Approaching the top of Conic Hill.
Shoreline walking on Day Two.
We made a quick, impulsive stop in Balmaha to pick up a bottle of wine for the evening (it was vacation after all), and then continued along the shores of the loch towards our campsite. Arriving at Sallochy, we had our pick of gorgeous lochside campsites, each with private beach access. We quickly made camp as the rain picked up again. Once it let up, we enjoyed a damp but fabulous dinner while watching the evening light play across the expansive loch.
A lovely lochside pitch at Sallochy Campground.
Day Three: Sallochy to Beinglas Farm (9 hours)
We’re still scratching our heads as to how this happened, but on Day Three we didn’t start walking until about 10:00am. Knowing this was our longest and most difficult day, this was especially idiotic. The first part of the hike started innocently enough, ambling along gentle dirt roads. A few hours in, we stopped at the adorable Cherry Tree Cafe for a slice of lemon cake and some fresh fruit, patting ourselves on the back for making it to the “halfway point.” Little did we know, we really had another five hours of hiking ahead of us!
The Cherry Tree Cafe makes for a great lunch break along Loch Lomond.
As we continued along the trail, it grew more and more challenging. Hugging the shoreline, the path afforded some spectacular views of the lake, but also presented us with steep, undulating hills, technical rocky sections, and lots of ducking over and around tree branches. It was slow going, especially with heavy packs on. Bearing in mind that we had to get past the end of the loch, it was a bit torturous to keep looking out at the long lake and viewing just how far we still had to go.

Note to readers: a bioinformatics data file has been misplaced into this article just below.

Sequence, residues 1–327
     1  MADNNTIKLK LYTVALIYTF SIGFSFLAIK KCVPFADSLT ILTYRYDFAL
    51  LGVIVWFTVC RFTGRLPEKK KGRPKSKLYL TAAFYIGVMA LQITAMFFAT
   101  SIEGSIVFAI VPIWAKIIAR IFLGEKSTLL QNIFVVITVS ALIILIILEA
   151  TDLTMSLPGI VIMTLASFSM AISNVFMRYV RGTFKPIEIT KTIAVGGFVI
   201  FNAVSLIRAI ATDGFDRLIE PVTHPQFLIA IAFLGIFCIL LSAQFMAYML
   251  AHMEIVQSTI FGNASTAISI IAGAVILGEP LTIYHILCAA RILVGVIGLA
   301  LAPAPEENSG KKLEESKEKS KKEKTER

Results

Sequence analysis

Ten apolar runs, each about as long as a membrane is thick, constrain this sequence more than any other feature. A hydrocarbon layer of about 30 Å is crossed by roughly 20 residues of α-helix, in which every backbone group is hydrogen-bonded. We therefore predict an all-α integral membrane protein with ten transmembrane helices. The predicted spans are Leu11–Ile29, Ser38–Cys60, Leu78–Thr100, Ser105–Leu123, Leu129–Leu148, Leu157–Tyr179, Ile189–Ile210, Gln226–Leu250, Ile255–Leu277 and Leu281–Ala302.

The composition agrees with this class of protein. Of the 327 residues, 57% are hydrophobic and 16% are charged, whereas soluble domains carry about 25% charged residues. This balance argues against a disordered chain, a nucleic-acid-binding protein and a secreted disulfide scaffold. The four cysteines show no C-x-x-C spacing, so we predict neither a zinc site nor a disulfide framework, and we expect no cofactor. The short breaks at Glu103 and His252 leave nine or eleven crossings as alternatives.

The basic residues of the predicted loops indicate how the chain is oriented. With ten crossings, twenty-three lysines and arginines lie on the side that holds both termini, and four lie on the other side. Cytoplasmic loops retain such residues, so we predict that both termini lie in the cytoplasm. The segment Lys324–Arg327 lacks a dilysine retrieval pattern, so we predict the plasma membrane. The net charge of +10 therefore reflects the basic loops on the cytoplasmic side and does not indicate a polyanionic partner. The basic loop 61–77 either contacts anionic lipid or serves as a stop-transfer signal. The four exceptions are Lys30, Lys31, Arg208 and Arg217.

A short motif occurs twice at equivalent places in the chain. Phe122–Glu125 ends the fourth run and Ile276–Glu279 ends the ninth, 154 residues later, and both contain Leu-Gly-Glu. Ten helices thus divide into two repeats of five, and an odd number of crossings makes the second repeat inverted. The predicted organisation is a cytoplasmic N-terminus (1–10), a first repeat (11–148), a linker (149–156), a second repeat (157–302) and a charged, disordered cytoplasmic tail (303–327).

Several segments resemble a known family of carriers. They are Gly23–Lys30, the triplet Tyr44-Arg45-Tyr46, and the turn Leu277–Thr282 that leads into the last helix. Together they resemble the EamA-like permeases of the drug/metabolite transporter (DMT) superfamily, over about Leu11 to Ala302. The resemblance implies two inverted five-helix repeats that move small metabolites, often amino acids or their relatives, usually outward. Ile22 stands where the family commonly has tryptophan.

Leaving Inversnaid, the trail continues to follow Loch Lomond for a few more miles.
The steep ascent away from Loch Lomond.
When we finally reached the end of Loch Lomond, we still had a long climb and another hour or so of walking before we reached Beinglas Farm campground. Learn from our mistake and don’t underestimate this stage of the hike! We finally arrived at Beinglas weary but very happy. After a hot shower in the luxurious facilities, we opted to forgo stove cooking and treat ourselves to curry and beer in the restaurant. It was a splurge, but totally worth it. As we wandered back to our tent rather delirious from the exhaustion and a few pints, we didn’t realize that the campsite had transformed into a full blown midge-fest once the sun had set. Before we knew it, we were absolutely covered in the little buggers. Up until this point, we’d experienced a few midges, but we now understood what all the hype was about. Luckily, we escaped into the shelter of our tent and immediately fell into a deep sleep.
Beinglas Farm camping.
Day Four: Beinglas Farm to Strathfillan (6 hours)
Day Four brought a much easier day of walking, and we didn’t mind at all. About halfway into the day, we took the twenty-minute detour into Crianlarich. There, we stopped at the supermarket for a lunchtime feast of cheese sandwiches, bananas, and cookies- a real upgrade to our typical backpacking lunch which consists of handfuls of peanuts and not much else. Throughout the day, we did a lot of gentle climbing and passed several sheep farms.
Gentle walking through beautiful scenery.
Highland cattle grazing at Strathfillan.